Although the Department of Veterans Affairs has not yet finalized its contract with Cerner to implement a new EHR system, early reports suggest the cost could be much less than previously anticipated.
A contract can’t be signed until Secretary David Shulkin, M.D., gets the go-ahead from legislators, but one VA source told FCW that the final figure is around $10 billion. Previous media reports have indicated the cost would be closer to $18 billion.
Court documents indicate VA officials plan to finalize the contract this month. In a declaration filed to the U.S. Court of Federal Claims, Matthew Truex, contracting officer at the VA’s Technology Acquisition Center, said he anticipates the contract will be awarded “sometime in November.”
A judgment (PDF) by Judge Lydia Kay Griggsby unsealed late last month also provides some insight into an ongoing case by EHR vendor CliniComp to stop the Cerner deal from moving forward. Griggsby, who dismissed the case last month, said the San Diego-based EHR provider could not have competed for the bid given that the size of the contract far exceeded CliniComp’s previous government jobs.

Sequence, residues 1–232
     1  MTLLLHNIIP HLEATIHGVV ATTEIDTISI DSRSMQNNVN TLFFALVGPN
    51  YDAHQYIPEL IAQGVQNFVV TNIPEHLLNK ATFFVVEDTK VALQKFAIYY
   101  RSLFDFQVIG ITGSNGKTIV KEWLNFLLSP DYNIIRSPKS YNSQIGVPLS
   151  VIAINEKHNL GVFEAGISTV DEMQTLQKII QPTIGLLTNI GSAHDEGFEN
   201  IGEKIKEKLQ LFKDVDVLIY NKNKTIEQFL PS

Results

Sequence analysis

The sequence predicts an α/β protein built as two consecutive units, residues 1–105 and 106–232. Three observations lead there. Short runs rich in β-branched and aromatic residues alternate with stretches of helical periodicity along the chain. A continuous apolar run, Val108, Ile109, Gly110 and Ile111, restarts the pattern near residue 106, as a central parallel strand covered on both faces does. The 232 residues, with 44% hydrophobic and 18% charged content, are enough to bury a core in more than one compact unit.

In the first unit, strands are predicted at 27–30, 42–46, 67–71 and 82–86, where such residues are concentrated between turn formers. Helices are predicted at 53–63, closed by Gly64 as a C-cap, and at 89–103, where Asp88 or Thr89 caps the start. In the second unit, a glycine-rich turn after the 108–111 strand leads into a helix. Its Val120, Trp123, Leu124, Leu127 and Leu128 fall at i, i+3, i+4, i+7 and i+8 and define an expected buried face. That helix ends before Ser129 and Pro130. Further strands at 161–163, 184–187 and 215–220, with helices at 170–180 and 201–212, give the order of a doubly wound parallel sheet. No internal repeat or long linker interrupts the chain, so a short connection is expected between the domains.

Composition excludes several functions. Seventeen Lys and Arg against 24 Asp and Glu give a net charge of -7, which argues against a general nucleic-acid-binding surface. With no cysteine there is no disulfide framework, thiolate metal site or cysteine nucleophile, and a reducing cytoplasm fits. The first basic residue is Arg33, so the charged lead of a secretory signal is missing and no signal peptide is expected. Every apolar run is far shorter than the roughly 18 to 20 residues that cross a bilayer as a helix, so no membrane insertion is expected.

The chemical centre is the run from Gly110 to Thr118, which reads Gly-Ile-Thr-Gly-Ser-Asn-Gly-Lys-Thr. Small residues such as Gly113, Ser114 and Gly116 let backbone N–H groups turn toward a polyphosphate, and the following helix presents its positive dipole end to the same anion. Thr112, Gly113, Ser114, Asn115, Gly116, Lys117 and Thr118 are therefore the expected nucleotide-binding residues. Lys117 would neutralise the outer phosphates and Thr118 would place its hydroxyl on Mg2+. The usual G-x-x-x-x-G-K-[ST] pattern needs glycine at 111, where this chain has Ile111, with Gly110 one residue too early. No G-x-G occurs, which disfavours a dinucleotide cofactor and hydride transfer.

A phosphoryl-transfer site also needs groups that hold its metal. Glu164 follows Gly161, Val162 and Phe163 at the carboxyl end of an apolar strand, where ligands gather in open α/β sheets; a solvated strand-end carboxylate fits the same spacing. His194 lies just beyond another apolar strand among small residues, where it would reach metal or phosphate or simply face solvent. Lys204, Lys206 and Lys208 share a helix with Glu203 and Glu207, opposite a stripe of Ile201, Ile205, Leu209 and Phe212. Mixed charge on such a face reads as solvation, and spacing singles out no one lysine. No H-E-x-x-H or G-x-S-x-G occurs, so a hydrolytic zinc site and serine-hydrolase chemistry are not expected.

“CliniComp has no comparable experience performing the comprehensive tasks required under the VA’s planned contract with Cerner,” Griggsby wrote.
CliniComp has appealed the decision and requested an injunction to stall the Cerner deal.
In his statement, Truex noted that CliniComp has contracts supporting eight of the VA’s 21 Veterans Integrated Service Networks (VISN). He said Cerner’s go-live is slated for a single VISN in mid-2019, but the remaining networks for which CliniComp holds contracts won’t begin until early 2020.
“I do not expect CliniComp to lose any work under its existing contracts (or any follow-ons to those contracts), based upon the Cerner contract, until 2021, at the earliest,” Truex said.